With autumn almost upon on us, businesses are gearing up on the networking opportunities. This is especially so in London, arguably the networking capital of the world. Rachel Fay, Networking Facilitator, shows you how to join in:
Top Ten Tips for Networking
1. Fear is normal. Feel the fear and do it anyway. Other people will welcome your approach and they will be keen to meet people too.
2. Prepare one line on what you do – your elevator pitch – and memorise it.
3. If possible, obtain the Guest List in advance. Make a note of who you want to meet and ask the Host to introduce you. If he or she is busy, or unwilling, as is sometimes the case, persist. A good host will always introduce his or her guests.
4. If the host can’t or won’t introduce you, approach someone in the room at random and ask if they know the person you are hoping to meet. Try to get the attention of someone who is constantly chatting – they are more likely to know people – but if that’s not possible, anyone will do. Don’t think too much about finding the ‘right’ person to ask. Even if they don’t know the person, it’s an excellent ice-breaker to make the enquiry.
5. If you don’t have a Guest List, tell the Host the type of person you would like to meet, either by their company, or their job title, or type of work they do. Be persistent. It’s part of his or her job to introduce you.
6. Failing that, look for two people who are talking to each other but are ready to meet someone new. You can tell this by the way they are standing. Their shoes will not generally be pointing towards each other, but will be splayed outwards. Then look at the shape they make with their bodies. People who are deep in conversation which they do not want interrupted will stand close to each other, blocking off intruders. Those who are hoping someone will come along will stand in an open formation, leaving space for you.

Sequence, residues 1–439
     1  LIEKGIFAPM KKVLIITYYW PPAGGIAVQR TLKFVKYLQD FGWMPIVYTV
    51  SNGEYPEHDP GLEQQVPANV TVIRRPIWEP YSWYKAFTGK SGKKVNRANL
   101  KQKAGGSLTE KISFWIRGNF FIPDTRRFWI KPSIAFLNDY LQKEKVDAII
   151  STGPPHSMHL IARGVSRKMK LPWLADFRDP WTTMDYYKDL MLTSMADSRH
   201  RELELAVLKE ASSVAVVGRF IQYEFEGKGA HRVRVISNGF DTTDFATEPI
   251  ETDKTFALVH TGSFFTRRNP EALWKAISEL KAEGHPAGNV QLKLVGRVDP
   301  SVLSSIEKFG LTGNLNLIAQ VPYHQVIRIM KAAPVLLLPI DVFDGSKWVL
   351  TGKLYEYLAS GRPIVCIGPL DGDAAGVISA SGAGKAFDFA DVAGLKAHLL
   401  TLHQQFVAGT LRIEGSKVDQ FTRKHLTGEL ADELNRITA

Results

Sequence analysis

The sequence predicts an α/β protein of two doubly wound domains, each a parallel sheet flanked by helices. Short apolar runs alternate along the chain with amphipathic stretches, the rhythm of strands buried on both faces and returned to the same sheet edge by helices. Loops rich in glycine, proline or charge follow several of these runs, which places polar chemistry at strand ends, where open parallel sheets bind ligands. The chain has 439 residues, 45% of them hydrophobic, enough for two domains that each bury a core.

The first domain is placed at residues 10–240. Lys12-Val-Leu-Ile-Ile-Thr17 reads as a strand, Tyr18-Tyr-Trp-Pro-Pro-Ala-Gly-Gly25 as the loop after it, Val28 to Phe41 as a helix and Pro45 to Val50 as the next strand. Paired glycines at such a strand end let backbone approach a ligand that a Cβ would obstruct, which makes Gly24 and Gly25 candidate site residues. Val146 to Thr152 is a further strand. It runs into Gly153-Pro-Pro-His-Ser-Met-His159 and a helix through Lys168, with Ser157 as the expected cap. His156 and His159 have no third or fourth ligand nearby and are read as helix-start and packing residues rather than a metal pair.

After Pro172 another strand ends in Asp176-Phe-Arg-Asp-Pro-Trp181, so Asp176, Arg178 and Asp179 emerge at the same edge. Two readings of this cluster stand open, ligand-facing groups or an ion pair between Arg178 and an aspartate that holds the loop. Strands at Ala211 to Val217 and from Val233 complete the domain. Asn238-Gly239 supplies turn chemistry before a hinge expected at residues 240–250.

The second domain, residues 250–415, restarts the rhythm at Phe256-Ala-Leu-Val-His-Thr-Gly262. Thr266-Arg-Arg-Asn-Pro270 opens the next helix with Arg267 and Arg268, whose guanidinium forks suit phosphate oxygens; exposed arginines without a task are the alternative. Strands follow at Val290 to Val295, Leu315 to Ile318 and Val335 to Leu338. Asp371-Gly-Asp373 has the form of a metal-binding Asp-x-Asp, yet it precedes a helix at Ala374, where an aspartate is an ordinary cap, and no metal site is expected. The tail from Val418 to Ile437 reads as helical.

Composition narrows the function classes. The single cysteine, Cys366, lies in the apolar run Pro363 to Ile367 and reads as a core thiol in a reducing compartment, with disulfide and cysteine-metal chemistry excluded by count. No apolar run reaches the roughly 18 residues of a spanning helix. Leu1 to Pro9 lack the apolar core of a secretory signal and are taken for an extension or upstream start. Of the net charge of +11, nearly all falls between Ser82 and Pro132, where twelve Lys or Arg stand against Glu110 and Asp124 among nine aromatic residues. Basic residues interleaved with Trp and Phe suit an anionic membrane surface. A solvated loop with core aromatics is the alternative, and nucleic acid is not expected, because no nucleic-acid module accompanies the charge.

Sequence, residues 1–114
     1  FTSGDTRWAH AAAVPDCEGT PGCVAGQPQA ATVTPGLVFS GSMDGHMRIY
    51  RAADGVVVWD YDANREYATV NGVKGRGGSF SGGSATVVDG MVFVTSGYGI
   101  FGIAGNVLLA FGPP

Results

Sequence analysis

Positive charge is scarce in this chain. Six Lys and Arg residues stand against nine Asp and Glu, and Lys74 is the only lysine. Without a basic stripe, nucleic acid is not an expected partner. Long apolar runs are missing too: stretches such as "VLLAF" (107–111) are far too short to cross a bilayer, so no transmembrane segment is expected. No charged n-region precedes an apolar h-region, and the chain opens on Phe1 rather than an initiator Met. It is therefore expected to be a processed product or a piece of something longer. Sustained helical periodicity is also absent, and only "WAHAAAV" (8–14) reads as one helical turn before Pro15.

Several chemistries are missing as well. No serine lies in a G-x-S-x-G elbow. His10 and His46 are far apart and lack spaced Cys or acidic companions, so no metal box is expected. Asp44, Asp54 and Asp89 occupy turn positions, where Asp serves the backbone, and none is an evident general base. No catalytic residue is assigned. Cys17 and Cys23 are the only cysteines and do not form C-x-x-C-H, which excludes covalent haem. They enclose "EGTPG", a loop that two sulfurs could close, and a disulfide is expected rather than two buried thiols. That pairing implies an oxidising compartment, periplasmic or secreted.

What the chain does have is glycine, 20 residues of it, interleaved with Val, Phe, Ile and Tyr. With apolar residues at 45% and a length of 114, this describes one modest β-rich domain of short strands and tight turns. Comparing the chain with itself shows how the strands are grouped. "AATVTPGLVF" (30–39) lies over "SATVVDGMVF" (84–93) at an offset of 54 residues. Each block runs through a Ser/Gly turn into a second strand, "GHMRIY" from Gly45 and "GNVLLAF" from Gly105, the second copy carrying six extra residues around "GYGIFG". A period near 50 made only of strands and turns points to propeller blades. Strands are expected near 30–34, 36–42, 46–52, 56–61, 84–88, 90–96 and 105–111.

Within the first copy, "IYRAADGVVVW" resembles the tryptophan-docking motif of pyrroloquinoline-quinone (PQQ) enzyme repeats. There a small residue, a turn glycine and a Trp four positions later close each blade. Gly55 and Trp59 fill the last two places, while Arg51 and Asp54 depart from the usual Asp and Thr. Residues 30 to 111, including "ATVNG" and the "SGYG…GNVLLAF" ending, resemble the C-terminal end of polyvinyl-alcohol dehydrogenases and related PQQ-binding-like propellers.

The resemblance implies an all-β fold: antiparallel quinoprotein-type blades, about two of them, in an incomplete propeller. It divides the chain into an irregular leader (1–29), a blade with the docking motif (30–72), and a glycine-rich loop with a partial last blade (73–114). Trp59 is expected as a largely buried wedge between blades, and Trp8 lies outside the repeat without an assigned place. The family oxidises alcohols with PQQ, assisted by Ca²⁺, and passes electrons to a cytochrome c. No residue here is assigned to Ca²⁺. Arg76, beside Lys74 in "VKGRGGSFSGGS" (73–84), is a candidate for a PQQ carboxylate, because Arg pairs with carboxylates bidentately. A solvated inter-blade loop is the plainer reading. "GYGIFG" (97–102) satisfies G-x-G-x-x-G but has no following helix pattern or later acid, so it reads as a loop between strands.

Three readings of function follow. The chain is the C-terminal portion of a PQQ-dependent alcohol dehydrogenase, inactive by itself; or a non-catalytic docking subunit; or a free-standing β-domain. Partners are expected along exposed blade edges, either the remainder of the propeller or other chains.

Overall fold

7. You can look for the body posture of small groups too, but try to start with two people if you are not used to approaching strangers.
8. I find that saying “May I say Hello?” always works. No-one ever says No, though occasionally they’ll say they just want to finish their conversation, in which case you can approach them later. Then tell them your name (I like to use surnames as well as it allows people to place you) followed by your company name: “I’m John Smith from Charles Stanley”. You will find that people usually volunteer their name without being asked when you tell them yours. They also tend to copy the format that you use: if you give your surname they will too. If you leave it out, they do too.
With luck one of the two people will introduce you to the other. If not, don’t hesitate to ask. You need to know with whom you are speaking. Often one of the two people will drift off at this point, glad of the excuse to move off.
9. Now either ask “What’s your role at Bloggs & Wiggins?” or say your elevator pitch. It doesn’t matter who says what first, the point is to establish if the person you are talking to is:
a) A potential buyer of your service
b) A ‘pipeline’ person who can provide you with contacts or information
c) A seller of a product or service your company may want to buy
d) A person you just like
10. If the person you are talking to is a potential buyer of your service you’ve hit the jackpot. Depending on how the event has been billed and who is attending, these people are the hardest to find and the ones most business people want to meet. Congratulate yourself on your bravery in getting yourself in front of them, keep calm and keep what you say next brief and to the point.
Networking is both a skill and an art. The skill can be learnt. Once you’ve learnt the skill the pleasure to be derived from the art is personally rewarding and profitable.